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Walsh: Democrats ready for (another) Senate fight

Date: 11/19/2012

By G. Michael Dobbs

SPRINGFIELD — With political observers debating what might be next for the Bay State with the rumors of possible appointments of Sen. John Kerry and Gov. Deval Patrick to cabinet positions in the Obama Administration, John Walsh, the chair of the state's Democratic Committee, said with a smile that "everyone's opinion is as good as any other."

He added, "I don't have any inside track. If I did I couldn't tell you. It would ruin the fun."

Walsh spoke to Reminder Publications prior to the quarterly party meeting, which was being conducted in the city. While Walsh couldn't predict what might happen, he did say that, regardless of the recent election cycle, the state's Democrats are "absolutely ready for a Senate fight."

He believes the election of Elizabeth Warren to the Senate shows "the Democrats have reinvigorated a type of politics people like better."

He is speaking of a grassroots, door-knocking style of campaigning that resulted in "friend-to-friend conversations."

If Kerry leaves the Senate, Walsh said that Sen. Scott Brown might seem to have an advantage, however, Walsh maintained the tone of Brown's campaign against Warren affected his amiable image.

"He cashed in a big chunk of his nice guy chips," Walsh said. "He is in a different place with voters."

Walsh said there is a possibility of former Gov. William Weld — now living in New York — re-emerging as a candidate for the Senate. According to the Secretary of State's website, a candidate for the Senate must only be a resident of the state when he or she is elected.

If a Senate race materializes, Walsh said the Democrats have a "huge list" of people who could run for the seat.

If there is a race, Walsh doesn't anticipate a repeat of the record-level of spending the Brown-Warren contest. He said that both candidates were "very good at energizing their bases" and added that much of Warren's campaign contributions came in at less than $50, while Brown had the support of Wall Street.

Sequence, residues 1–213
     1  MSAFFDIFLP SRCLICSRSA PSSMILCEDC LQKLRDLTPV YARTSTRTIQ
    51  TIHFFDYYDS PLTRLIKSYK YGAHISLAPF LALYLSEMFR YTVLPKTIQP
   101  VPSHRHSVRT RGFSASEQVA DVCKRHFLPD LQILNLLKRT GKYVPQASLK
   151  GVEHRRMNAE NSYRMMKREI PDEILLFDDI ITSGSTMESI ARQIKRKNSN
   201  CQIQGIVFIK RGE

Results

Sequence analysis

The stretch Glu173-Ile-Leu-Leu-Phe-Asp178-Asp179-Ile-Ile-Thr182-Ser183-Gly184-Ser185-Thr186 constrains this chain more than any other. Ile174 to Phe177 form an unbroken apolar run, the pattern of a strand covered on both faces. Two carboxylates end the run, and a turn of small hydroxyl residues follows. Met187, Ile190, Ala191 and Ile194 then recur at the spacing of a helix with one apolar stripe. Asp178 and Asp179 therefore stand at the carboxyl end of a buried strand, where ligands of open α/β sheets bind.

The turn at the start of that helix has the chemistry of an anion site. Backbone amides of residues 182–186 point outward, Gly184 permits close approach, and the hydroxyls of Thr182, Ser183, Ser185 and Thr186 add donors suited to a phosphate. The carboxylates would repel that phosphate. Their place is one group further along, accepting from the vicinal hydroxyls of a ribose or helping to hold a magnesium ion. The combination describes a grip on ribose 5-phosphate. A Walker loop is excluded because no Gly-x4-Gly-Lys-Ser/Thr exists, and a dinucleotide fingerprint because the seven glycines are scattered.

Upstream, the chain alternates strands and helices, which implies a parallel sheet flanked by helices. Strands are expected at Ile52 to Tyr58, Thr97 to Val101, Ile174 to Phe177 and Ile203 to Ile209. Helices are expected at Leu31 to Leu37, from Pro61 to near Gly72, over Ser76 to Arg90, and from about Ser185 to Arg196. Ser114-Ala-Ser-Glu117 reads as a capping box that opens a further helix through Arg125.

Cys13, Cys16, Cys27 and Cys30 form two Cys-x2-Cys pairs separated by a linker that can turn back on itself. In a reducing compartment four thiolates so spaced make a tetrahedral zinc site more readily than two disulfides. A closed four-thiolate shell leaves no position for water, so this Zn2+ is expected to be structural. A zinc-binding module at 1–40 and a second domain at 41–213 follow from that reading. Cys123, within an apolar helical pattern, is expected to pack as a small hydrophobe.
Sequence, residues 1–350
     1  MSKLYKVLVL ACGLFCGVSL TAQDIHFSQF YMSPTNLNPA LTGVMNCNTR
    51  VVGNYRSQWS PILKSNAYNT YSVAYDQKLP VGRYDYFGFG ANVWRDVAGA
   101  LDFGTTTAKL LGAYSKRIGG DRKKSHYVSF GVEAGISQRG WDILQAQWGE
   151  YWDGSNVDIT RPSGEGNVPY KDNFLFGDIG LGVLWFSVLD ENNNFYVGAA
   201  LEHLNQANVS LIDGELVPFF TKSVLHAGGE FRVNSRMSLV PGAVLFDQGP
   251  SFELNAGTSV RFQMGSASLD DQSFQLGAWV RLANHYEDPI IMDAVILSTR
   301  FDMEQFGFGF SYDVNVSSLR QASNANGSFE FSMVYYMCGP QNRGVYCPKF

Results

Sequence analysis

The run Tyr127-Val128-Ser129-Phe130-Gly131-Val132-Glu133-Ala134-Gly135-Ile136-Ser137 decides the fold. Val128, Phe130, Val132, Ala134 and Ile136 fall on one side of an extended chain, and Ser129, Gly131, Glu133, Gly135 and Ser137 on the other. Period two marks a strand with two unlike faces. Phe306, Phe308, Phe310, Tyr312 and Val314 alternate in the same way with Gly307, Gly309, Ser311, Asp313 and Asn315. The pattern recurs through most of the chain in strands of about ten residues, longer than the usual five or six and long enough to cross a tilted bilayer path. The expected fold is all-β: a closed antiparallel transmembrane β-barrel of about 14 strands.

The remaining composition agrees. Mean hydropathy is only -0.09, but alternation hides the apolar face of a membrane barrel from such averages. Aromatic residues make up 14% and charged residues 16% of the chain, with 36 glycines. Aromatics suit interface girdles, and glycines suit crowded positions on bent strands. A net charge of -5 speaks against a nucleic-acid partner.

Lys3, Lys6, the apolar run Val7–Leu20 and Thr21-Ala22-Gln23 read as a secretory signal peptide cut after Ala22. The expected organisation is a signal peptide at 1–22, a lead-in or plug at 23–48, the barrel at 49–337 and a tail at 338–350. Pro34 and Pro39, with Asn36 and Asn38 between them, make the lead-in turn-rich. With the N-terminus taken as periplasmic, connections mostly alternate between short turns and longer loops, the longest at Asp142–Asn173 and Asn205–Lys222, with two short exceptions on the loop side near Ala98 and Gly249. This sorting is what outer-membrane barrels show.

"The good news is small money beat the big money this time," he said.

With the cost of the race reported at more than $68 million, Walsh said he hoped that kind of spending would be "hopefully an aberration."

He believes that kind of spending "comes to a point of diminishing returns."

While social media had an impact, Walsh believes that more old-fashioned means of campaigning had more impact. He noted that volunteers knocked on one million doors during the campaign with 240,000 of them during the last weekend. Un-enrolled and undecided voters were the targets of the effort.

Walsh acknowledged that robocalls are "cheap and quick," with an average price of between 3 and 5 cents per call, in the era of caller identification, many voters ignore them.

Polling has also been affected with the advent of cell phones that in many cases supplant a traditional landline — how pollsters traditionally reach their samples — Walsh said. He explained many interviews have to be conducted to get the right mix of age, gender and race of potential voters.

He believes that polls can be used to determine trends, but not to predict results.

"Candidates who use polls to determine what to say — that's when you know you're in trouble," Walsh said.